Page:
Sounds of the planet

Acoustic remote sensing and its uses in underwater environments

24 July 2014 – Glacier ice cubes and glacier work

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📥  From the field

Yesterday saw another successful deployment of DAB, the Directional Acoustic Buoy to track where underwater noise comes from exactly. Each survey starts in the same way: zooming in the boat to the fjord with the glacier, jumping on the beach to set up the cameras on the hills, and jumping back in the boat to deploy the DAB and get measurements. Zooming is of course an exaggeration: getting away from the base is a cautious start, as the skipper needs to negotiate between rocky outcrops (not visible at high tides, but still there and dangerous) and sometimes icebergs, Crossing the open sea to the fjord cannot be done too fast if the waves are too high, or the wind in the wrong direction. And once into the fjord, we have to zigzag between icebergs of different sizes. Jumping out of the boat is also an exaggeration: the seabed is very steep, and we have to wait until the very last seconds for the water to be shallow enough, getting into the water and holding on to the boat before painstakingly pushing it on shore away from the waves and the tide. Then, we lumber up the hill in our immersion suits. But the view from the top is worth it …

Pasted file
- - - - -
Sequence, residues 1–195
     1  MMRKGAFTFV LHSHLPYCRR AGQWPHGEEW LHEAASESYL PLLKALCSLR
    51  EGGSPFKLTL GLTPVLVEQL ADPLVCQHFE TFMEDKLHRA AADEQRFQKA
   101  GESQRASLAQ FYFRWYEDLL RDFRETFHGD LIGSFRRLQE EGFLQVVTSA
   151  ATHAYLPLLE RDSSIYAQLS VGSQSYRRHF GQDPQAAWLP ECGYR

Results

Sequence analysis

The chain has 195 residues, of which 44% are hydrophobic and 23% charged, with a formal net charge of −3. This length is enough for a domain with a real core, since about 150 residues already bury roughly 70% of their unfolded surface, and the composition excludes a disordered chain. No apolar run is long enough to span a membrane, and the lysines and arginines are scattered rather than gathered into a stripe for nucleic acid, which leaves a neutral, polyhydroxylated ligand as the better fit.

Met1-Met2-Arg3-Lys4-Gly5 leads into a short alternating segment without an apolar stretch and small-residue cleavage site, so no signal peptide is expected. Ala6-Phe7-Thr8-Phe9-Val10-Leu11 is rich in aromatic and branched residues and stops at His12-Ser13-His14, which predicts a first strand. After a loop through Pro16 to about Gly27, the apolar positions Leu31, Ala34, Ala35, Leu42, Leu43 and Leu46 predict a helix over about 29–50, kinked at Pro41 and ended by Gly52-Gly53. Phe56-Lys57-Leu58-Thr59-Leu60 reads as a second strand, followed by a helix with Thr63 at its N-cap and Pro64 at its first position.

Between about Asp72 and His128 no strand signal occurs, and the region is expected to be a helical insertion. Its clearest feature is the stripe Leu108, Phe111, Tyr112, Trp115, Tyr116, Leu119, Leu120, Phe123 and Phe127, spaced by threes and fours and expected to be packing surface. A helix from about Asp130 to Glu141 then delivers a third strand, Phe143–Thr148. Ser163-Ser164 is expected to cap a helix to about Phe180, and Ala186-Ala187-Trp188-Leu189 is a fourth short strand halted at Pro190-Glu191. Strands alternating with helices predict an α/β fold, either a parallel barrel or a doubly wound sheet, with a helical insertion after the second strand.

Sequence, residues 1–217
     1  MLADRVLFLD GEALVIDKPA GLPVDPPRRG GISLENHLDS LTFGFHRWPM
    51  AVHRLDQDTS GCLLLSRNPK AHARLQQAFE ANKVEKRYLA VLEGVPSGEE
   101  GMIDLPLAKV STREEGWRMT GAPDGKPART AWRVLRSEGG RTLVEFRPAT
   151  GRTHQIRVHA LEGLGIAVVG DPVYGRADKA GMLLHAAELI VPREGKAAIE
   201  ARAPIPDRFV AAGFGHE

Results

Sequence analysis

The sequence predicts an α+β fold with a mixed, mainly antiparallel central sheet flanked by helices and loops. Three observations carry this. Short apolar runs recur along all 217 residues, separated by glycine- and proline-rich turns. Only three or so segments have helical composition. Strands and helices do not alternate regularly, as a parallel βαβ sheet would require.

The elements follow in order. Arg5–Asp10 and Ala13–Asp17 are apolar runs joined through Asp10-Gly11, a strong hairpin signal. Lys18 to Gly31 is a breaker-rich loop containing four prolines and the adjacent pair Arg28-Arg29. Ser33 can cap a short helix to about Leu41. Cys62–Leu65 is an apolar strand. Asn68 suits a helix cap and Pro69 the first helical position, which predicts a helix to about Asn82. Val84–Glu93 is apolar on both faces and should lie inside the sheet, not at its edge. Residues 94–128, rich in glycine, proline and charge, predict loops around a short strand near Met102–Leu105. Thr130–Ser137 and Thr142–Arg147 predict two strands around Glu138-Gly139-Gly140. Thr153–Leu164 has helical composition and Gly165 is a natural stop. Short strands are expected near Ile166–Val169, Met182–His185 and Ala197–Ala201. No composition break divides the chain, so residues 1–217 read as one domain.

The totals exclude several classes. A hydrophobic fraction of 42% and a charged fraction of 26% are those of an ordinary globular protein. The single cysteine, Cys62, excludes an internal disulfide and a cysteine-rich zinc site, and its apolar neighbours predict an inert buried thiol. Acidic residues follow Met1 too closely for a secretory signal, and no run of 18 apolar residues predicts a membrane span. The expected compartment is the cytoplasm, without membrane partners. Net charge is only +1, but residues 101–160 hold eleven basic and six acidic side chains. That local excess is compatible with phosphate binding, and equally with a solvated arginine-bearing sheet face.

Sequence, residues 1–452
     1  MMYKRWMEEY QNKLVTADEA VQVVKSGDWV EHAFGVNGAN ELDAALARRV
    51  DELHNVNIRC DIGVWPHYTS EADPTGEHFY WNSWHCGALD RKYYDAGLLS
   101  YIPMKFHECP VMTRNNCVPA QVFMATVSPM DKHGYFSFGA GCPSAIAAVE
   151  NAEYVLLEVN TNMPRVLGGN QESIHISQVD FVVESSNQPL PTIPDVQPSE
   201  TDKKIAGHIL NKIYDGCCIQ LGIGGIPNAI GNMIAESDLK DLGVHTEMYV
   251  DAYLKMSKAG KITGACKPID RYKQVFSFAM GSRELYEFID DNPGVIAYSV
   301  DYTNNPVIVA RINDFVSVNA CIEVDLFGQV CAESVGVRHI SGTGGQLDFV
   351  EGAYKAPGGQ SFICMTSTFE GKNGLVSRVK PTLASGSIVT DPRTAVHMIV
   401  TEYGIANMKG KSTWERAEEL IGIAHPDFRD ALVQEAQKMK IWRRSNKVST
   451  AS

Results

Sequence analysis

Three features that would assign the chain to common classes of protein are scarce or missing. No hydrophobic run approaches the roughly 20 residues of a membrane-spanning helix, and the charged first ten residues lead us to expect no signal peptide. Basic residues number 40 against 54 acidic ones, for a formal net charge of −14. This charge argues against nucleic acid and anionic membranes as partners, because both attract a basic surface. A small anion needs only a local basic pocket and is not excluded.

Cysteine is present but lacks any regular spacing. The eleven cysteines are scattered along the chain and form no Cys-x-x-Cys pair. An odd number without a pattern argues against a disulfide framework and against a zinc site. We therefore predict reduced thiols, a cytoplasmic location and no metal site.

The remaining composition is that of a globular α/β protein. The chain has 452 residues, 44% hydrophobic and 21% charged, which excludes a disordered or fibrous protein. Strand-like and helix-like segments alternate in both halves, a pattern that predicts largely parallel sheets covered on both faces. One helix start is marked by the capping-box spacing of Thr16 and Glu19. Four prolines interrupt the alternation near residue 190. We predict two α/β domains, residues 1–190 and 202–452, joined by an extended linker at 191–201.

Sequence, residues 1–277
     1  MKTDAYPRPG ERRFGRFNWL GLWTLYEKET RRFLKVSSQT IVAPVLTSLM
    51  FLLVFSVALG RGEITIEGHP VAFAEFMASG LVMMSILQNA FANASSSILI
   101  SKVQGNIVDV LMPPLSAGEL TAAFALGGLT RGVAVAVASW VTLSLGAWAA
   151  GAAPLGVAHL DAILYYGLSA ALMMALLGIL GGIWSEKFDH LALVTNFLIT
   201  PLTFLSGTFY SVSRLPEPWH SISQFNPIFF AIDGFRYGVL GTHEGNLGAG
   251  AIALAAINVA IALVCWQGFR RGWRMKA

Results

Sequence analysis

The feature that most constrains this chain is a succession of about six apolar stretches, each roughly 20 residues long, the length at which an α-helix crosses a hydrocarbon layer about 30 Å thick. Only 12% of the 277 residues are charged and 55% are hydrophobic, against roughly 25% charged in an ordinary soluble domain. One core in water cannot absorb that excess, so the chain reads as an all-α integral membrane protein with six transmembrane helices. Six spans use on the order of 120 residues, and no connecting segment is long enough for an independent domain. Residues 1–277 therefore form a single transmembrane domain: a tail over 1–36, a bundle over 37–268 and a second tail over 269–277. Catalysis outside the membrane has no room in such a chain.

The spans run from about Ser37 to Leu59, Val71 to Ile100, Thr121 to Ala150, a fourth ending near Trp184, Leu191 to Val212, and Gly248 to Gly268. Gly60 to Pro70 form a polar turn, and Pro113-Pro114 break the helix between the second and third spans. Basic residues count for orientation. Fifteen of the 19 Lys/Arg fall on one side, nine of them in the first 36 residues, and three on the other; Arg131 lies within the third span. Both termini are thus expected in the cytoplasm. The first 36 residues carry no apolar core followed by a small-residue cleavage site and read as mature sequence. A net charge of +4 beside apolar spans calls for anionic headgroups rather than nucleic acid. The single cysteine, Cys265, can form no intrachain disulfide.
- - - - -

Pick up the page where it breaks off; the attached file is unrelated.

From the hill where our cameras are deployed, we get wide views over the entire Hans Glacier and its fjord, covered with icebergs of different sizes.

From the hill where our cameras are deployed, we get wide views over the entire Hans Glacier and its fjord, covered with icebergs of different sizes.

Today, we successfully deployed the long-term buoy which will measure ambient noise as winter sets in. We programmed it to start taking measurements from 15 November until the batteries run out (which should be in March 2015). This way, the buoy will record the onset of the ice cover in the fjord, and hopefully when it starts to break up in spring. To celebrate these different achievements, Jarek breaks out the whisky he had brought with him from Longyearbyen. And I carve some ice cubes out from one of the iceberg samples we brought back to the base for our experiments …

In the confined space of our dormitory, we have managed to organise a small celebration of a series of successful deployments. The ice cubes in the “wee drams” are carved from fresh ice samples.

In the confined space of our dormitory (Grant squeezed into one of the bunks to take this picture), we have managed to organise a small celebration for a series of successful deployments. The ice cubes in the “wee drams” are carved from fresh ice samples.

 

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